This feature tells which town the coin comes from. One of the segments contain either AΠOΛ (APOL, abbreviated from Apolloniatan) or ΔYP (DYR, abbreviated from Dyrrhachinon).
- Name in three parts clockwise
The ethnic attribute is followed by an name in three parts in the other segments; in the genitive case. This must be the person responsible for the drachma emission for that particular year. He could be the ephoros eponymos (the yearly elected magistrate whose name denotes his term); but this is not necessarily important for us now; few of these names are known from other sources than these coins. The relative sequence of the drachms suggested in this web site uses this concept (still under debate by others).
The symbols on the obverse belong to the name on the reverse: a different name on the reverse comes with a different combination of symbols. Different eponymous magistrates having the same name can be distinguished on this ground. For example, Kallenos reverse from Dyrrhachium with ear of corn (wheat) and grapes in the exergue is a different person from another Kallenos who has cornucopia in the field left and head of Helios in the exergue.
- Shape of the central device: square with straight or concave sides
The original format is a square with double, straight sides but there are many coins with inward bending (concave) sides. Most but not all Dyrrhachian issues and the earlier half of the Apolloniate issues have the square with straight sides (the picture above shows one of the few Dyrrhachian issues with the exceptional concave sides of the square). The concave format is characteristic for the latter half of the Apolloniate issues.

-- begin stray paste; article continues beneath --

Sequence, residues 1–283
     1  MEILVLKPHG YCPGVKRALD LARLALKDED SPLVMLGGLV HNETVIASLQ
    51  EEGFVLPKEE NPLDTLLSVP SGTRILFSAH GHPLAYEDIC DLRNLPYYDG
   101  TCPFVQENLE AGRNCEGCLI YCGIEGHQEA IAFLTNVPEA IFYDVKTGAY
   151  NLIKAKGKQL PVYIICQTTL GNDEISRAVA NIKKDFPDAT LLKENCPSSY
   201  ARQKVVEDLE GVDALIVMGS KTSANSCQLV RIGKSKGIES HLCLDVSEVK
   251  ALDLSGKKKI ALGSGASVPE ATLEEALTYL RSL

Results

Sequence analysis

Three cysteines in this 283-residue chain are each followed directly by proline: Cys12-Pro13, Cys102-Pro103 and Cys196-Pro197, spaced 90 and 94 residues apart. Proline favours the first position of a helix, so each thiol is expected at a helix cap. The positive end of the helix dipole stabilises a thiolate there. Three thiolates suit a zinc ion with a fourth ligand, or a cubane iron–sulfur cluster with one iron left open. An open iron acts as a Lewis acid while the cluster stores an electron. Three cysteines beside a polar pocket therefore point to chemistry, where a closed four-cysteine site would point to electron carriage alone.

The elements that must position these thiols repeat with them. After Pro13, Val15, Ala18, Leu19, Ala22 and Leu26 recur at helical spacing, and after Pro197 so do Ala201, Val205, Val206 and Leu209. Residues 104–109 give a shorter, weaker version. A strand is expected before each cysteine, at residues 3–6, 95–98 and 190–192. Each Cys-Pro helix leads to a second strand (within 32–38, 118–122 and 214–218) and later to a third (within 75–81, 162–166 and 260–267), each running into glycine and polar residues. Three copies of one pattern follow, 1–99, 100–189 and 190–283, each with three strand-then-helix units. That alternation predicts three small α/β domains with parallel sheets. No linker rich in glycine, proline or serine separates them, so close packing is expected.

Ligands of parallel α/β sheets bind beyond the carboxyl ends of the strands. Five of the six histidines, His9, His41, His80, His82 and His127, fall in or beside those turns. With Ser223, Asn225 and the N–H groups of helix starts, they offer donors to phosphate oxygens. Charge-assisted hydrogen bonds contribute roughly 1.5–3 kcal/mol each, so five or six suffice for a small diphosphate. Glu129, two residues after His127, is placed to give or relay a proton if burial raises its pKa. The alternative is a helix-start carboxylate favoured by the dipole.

- Position of the central device: rays vertical or horizontal
The central device of the drachms is a simplified version of the twin stars of the Dioscuri, first used on the Corcyrean staters and continued on the Apolloniate - Dyrrhachian staters (my arguments for the twin star origin are published in Celator, see in the Further reading chapter). In standard viewing (ethnic attribute up), most coins have the rays in the vertical position but there are coins with horizontal rays. On the earlier coins sometimes both positions can be seen on different pieces belonging to the same issue but later this feature becomes emission-characteristic, that is, all coins in the same issue have the rays in the same position. The frequency of the horizontal arrangement to the vertical one is close to 1:5; probably the horizontal form was struck at every sixth year.
- Shape of the rays can be various: tear drop, tadpole, drumstick, lollipop, petal, etc. Teardrop and lollipop (the latter is a big dot with a short stick) are usual on the very early issues. If the tail of the teardrop is slightly curved, it is a tadpole. A small dot with a straight stick is the drumstick. All late Dyrrhachian drachms use the drumstick. The petal shape of rays is a distinctive feature of the last six Apolloniate issues.
- The separation line between the two halves of the central device
Most often there is a single line separating the two halves of the double stellate pattern but there are issues with two, exceptionally with three parallel lines in this position. The line can also be spin-shaped. Sometimes, there is a central dot in the middle of the line. Rarely, there is no separation line between the double stellate pattern.